The Barry Railway Company started work on the Wenvoe Tunnel in 1888. It was built to create a direct link down to Cadoxton and Barry Docks from the South Wales Valleys. The line was 18½-miles long from Trehafod into the docks in Barry. It is the same line that ran along Walnut Tree Viaduct near Tongwynlais. In 1898 the tunnel was completed and in full use.  It was, and still is, one of the longest tunnels in south Wales at 1867 yards, a shade over 1 mile long.  The tunnel was closed in 1964

Three intrepid explorers set off on a sunny Sunday afternoon. We were glad it was dry and sunny; the tunnel now suffers badly from flooding, with waters reaching a depth of four feet after heavy rainfall. A walk through in winter is not recommended.

Access to the tunnel is reached from Marks and Spencer car park at Culverhouse Cross Retail Park and we parked our car in the car park, actually just behind Tesco and headed off through some thick undergrowth and then down a steep bank.





We then crossed over a fence and a small field and found ourselves in a pleasant meadow where grass and clover grew in abundance. We followed a winding path.  After less than five minutes we found our absolute hidden gem. Situated near one of the busiest road junctions in Wales is the mysterious entrance to the long disused tunnel.


It was magical! We stood at the brim of a deep, oval cutting, the northern portal somewhere below.  A slippery slope led down to the flooded cutting and the old track bed, silent now for almost fifty years. Bright green weeds and algae were thriving in the still water.  One step in the mud and my legs almost disappeared from my knee down.


We knew from other explorers that the fence was completely sound other than a missing spike above the lock, but one of the fence slats to the left of the gate is loose, and can be rotated around and we squeezed through with only a minimum of embarrassment.


The excitement was almost unbearable. The tunnel is dead straight (with a gradual ascent from the north portal).  It is wide too, and in its day carried double track all the way. We entered excitedly, led by Gaz.



Immediately you could see the south portal 1867 yards away just a tine chink of light. We could hear water dripping; otherwise all was silent in the magical world of The Wenvoe Tunnel.




Walking through the tunnel was quite easy as a large water main runs the length of the tunnel and makes an excellent causeway to keep out of the damp.  The main supplies the town of Barry with its water.


Except for the very southernmost portion of the tunnel, both walls and roof are neatly lined in brick.  There are no bulges, cave-ins or repairs evident.  The most striking features are the calcite and rust deposits that have formed on the walls; some are truly amazing.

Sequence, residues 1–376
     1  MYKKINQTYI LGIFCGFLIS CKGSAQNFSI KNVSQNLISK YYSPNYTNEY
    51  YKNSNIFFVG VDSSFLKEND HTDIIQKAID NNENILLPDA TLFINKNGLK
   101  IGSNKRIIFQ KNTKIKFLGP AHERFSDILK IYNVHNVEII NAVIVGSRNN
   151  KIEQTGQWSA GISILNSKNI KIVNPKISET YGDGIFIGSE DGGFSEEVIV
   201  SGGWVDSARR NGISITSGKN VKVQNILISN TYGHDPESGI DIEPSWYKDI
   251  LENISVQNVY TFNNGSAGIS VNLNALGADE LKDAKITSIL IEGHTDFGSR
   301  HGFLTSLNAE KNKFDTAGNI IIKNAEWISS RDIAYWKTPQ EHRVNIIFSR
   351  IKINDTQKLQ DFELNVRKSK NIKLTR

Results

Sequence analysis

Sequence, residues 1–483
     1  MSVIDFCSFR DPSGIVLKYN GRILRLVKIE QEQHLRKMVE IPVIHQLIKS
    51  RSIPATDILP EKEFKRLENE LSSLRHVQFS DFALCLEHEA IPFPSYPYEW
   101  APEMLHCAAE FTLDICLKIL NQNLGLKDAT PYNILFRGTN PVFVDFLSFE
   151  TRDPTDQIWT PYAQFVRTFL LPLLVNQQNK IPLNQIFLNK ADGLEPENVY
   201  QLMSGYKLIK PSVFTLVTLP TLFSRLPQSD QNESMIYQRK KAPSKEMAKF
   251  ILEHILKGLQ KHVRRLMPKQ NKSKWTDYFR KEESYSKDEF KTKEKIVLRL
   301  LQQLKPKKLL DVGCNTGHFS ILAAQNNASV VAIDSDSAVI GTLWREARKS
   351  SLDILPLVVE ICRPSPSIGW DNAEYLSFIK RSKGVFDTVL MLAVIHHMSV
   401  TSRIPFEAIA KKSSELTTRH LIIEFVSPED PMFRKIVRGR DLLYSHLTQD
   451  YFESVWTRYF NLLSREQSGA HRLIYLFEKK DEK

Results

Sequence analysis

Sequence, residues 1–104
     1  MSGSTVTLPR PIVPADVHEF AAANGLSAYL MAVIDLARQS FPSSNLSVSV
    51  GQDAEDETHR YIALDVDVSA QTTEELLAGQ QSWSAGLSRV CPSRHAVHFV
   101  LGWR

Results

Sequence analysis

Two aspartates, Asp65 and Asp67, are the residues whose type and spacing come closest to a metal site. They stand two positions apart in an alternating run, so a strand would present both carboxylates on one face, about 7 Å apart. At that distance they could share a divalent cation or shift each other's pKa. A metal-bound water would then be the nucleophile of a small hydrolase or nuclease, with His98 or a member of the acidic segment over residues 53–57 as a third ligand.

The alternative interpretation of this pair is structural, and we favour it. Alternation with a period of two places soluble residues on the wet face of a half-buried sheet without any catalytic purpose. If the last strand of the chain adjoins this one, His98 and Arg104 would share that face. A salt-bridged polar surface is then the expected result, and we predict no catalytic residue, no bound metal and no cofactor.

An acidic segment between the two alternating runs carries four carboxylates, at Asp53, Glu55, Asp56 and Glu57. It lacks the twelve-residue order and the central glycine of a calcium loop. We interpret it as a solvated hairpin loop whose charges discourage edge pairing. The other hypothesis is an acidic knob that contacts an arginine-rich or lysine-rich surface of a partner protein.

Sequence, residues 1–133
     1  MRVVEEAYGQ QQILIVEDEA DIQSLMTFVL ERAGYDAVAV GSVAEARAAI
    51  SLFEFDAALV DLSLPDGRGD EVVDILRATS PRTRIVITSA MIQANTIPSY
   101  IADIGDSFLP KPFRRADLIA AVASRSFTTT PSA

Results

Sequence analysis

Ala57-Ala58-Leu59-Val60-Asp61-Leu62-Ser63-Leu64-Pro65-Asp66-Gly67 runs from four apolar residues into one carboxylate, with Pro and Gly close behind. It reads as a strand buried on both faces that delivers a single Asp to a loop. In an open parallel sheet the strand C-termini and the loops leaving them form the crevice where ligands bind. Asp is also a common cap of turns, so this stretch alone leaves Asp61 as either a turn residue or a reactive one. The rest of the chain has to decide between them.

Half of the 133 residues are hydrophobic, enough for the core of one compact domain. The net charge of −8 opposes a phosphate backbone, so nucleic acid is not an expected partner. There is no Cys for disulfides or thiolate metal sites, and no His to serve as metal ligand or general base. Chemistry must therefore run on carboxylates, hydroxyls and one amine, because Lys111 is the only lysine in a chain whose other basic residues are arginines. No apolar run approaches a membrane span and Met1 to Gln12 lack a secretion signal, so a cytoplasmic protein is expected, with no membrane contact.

We made our way through stopping often to take photographs and be amazed at some of the sights there. We saw curtain stalactites forming on the curved walls, jet-black secretions and thick rust build-up, and some portions of the wall are completely encased in calcite.


Along the edge of the tunnel are markers, each one marking the old measurement of chains. At the 46-chain mark, we came across a huge airshaft, which dominates the tunnel.



It’s massive, almost the entire width of the tunnel.  Enough light spills down it to be able to turn all torches off whilst nearby, and directly below it a huge pile of assorted junk has built up.  We stopped here, amazed at what we saw. When I was young we used to look at the top, which used to stand near the Old Culverhouse Cross Roundabout near the old caravan park, but to be at the bottom and in the middle of the tunnel was magical.


We pressed on and as we neared the southern end we noticed that our voices had begun to echo much less and we saw that the tunnel was not brick lined here but natural stone. The tunnel builders must have had to blow their way through the rock here. We guessed we were nearing the site of The Wenvoe Quarry. As we neared the end we saw that it again was brick lined.

An interesting and little known fact is that Royalty often spent the night in the tunnel if the royal train was in the area! During the Second World War especially, if the King and Queen were on a visit to the area in an effort to keep them safe in case of air raids during the night, the Royal Train was run into the tunnel and remained there until the morning. Guarding it was relatively easy, although they would have had to stop coal trains using it during that time.


Looking back down the tunnel from the south portal.



We stayed for a few minutes for a photo shoot before the long journey back along the pipe to the northern portal. The journey back seemed shorter although no less fascinating.

We reached our starting point tired but exhilarated. Gaz, Muzzy and I felt our expedition had been a great success


What a journey, what a thrill! The only thing missing was the thunder of a steam train thundering through with its precious cargo of black gold, but then somehow the magic, which came with the desolation and silence, might not have been there.

One story from the past is recorded:

I used to know an elderly gentleman who’d grown up in the 1920s in Ebbw Vale, and whose father was friendly with one of the signalmen who manned the Drope signal box near The Wenvoe Tunnel. On one visit he was able to walk into the tunnel and stand in one of the safety recesses in the wall while a locomotive thundered past. It was, he said, both the most exciting and the most frightening thing he’d ever done!

I hope this forgotten gem remains untouched and available for generations to come.Image